Here at the SRU Insulation Ltd we receive many enquiries about music rehearsal rooms, drum studios and recording studios. Our moist popular enquiry is for drum rooms. Due to the nature of an acoustic drum kit, they tend to create a lot of airborne noise and also a lot of vibration due to the kick drum (Low Frequencies)
If you are a drummer, or maybe have a child or family member that has taken up playing drums at home or maybe you are a school music department with a drum room, how do you reduce the amount of noise that escapes the drum room and disturbs other people?
SRU Insulation Ltd have worked with many clients and installers to create the perfect recording and rehearsal studios studio’s.
How to Build a Drum Studio. Simple guidance for creating a Music Studio.
Find the Right Location
The first consideration when contemplating building a studio is where to build it. Think amount nearby neighbours access to your new studio is important.
Create Light – Acoustic Windows
Most drummers are concerned about noise leakage through windows. Having natural light creates a nice place to work and rehearse in. A simple acoustic window system will not only let natural light in but also minimise noise breakout.
For Drum Studios we always advise a two door system. Acoustic door can easily be made by adding Acoustic membrane to heavy doors. Acoustic perimeter seals and Acoustic drop down seals must also be added to create a perfect seal around doors.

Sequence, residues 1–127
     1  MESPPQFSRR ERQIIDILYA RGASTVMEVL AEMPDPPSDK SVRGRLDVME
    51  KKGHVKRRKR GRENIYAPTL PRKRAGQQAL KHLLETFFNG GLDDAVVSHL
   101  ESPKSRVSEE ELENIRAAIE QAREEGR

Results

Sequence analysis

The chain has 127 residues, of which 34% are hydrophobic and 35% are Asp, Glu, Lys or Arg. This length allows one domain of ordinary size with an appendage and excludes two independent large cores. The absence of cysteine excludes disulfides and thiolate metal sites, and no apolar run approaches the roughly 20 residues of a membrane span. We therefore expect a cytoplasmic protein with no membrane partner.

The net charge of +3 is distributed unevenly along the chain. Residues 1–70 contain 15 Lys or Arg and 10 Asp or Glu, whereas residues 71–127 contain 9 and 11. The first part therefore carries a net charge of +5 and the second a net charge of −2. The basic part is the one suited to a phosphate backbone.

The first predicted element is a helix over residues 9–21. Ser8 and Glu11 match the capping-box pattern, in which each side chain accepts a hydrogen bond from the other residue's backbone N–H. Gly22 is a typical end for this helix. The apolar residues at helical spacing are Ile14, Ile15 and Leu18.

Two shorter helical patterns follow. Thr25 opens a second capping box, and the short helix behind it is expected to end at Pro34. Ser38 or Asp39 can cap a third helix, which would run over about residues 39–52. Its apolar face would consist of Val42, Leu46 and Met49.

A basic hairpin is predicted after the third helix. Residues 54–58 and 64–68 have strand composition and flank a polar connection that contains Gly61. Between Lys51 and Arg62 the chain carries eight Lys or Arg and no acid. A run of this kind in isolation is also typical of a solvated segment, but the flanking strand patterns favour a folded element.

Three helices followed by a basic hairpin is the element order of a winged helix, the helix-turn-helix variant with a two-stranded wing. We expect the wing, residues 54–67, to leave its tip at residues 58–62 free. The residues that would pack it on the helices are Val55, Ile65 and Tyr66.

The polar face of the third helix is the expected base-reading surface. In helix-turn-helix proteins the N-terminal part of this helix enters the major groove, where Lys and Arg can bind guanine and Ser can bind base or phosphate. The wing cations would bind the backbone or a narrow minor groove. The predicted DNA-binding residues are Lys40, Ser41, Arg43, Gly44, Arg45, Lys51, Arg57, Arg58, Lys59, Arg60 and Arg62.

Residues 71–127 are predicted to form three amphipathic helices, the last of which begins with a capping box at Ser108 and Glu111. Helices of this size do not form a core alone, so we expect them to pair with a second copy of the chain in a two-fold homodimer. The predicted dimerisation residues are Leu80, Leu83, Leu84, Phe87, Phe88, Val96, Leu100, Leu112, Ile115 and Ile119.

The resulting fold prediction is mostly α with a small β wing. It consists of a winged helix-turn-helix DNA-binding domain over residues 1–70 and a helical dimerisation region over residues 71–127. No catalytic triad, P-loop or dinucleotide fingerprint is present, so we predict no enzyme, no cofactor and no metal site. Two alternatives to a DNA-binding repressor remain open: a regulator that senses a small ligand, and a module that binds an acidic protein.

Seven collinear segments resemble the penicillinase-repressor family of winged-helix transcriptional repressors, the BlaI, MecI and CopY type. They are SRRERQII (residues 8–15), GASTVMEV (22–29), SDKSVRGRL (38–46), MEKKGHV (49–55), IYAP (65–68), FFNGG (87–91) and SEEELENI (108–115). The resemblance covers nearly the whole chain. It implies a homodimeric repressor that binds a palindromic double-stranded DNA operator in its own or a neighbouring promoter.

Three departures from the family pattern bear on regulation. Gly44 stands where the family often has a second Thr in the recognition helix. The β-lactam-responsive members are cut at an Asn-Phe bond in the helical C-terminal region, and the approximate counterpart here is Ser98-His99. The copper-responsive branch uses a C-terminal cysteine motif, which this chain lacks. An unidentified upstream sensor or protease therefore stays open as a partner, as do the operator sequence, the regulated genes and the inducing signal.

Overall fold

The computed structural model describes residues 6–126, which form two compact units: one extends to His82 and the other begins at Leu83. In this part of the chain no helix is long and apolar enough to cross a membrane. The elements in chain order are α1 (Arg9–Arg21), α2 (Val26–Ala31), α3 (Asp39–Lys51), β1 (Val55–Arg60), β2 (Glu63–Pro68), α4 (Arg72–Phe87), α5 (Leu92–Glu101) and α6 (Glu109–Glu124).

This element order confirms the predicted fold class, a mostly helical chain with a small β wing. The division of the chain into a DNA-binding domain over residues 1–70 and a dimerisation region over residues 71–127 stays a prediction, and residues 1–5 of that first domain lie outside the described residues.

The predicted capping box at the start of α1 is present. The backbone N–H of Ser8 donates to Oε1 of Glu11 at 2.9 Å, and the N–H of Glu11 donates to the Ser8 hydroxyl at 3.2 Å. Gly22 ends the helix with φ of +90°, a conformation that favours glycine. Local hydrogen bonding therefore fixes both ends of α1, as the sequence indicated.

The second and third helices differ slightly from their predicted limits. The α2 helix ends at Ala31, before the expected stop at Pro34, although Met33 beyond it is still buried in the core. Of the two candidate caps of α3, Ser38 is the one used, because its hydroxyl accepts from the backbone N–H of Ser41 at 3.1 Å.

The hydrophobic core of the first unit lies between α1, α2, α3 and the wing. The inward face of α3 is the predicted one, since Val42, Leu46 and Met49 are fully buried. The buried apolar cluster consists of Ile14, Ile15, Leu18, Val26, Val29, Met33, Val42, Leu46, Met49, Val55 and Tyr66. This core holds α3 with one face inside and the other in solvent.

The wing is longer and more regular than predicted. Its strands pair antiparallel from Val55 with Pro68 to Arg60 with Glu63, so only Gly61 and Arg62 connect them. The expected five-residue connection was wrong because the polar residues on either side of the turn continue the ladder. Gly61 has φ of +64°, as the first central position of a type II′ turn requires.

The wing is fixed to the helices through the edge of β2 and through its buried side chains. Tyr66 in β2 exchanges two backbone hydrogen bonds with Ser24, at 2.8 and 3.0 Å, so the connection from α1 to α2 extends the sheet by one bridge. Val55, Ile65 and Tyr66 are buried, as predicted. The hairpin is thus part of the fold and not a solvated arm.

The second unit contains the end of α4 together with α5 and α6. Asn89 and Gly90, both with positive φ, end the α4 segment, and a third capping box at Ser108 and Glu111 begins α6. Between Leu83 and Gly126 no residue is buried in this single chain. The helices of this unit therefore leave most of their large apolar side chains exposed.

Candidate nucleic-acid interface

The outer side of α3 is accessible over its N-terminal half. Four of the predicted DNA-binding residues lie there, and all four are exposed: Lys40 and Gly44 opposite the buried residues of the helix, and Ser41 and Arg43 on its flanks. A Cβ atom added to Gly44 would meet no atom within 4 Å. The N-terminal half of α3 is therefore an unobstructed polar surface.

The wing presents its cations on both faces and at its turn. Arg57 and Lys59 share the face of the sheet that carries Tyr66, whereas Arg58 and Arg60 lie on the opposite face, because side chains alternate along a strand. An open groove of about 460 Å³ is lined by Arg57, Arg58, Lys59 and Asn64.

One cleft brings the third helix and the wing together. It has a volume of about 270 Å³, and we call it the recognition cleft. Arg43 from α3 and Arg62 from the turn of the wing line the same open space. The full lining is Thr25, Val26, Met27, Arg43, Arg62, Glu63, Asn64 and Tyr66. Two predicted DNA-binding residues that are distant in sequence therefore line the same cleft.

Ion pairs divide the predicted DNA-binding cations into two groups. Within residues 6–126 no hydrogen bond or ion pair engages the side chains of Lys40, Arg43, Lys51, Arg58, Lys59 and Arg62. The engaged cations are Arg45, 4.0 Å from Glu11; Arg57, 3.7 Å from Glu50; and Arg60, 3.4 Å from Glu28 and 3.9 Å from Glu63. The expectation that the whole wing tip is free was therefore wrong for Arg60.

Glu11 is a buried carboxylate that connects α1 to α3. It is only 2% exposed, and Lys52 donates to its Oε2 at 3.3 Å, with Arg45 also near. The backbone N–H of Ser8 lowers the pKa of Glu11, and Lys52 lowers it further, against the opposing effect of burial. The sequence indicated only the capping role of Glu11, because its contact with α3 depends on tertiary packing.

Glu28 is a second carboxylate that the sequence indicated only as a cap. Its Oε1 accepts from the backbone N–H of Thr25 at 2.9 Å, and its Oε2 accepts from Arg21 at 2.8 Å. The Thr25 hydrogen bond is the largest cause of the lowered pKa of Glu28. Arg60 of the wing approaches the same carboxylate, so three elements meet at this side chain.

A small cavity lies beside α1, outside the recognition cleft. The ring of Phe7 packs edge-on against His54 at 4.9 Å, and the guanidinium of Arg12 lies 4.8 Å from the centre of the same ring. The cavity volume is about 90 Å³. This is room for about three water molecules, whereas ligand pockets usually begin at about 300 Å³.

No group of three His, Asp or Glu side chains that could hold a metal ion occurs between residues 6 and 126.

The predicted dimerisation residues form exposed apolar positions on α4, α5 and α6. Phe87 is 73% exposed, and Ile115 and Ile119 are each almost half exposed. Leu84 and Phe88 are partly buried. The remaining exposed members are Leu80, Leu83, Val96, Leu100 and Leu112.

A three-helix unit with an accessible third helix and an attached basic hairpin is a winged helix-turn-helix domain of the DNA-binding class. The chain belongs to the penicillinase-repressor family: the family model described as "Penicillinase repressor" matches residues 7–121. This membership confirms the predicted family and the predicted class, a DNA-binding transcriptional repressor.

Ventilation – The need to breath
With all of the windows and doors sealed and walls, ceilings and floor airtight, there is the small issue of how you're going to breathe. In most cases ventilation is the last thing thought of in the design stage of any studio, but it’s actually one of the most important factors that need to be considered. A simple Acoustic Ventilation system can be installed to circulate fresh air within the studio.
Room within a Room
Creating a room within a room is the most common construction when designing a music studio. Floating the new acoustic floor off acoustic cradles, rubber isolation pads are commonly used on floors. Independent walls and ceilings with sound insulation, decoupling sound isolation clips , acoustic membranes, green glue and high density acoustic plasterboards are also commonly used for all levels of studios.
The most common mistake made in any studio build is cutting holes for plug sockets into the new soundproofed walls. This will allow noise leakage and must be avoided. Keep all electrics surface mounted where possible to eliminate any noise breakout through holes created in walls.
A good rule of thumb is to add around 30% of Acoustic treatment to your new studio for a high level of sound absorption. A good quality drum carpet will also minimise reflection if a hard wood is installed.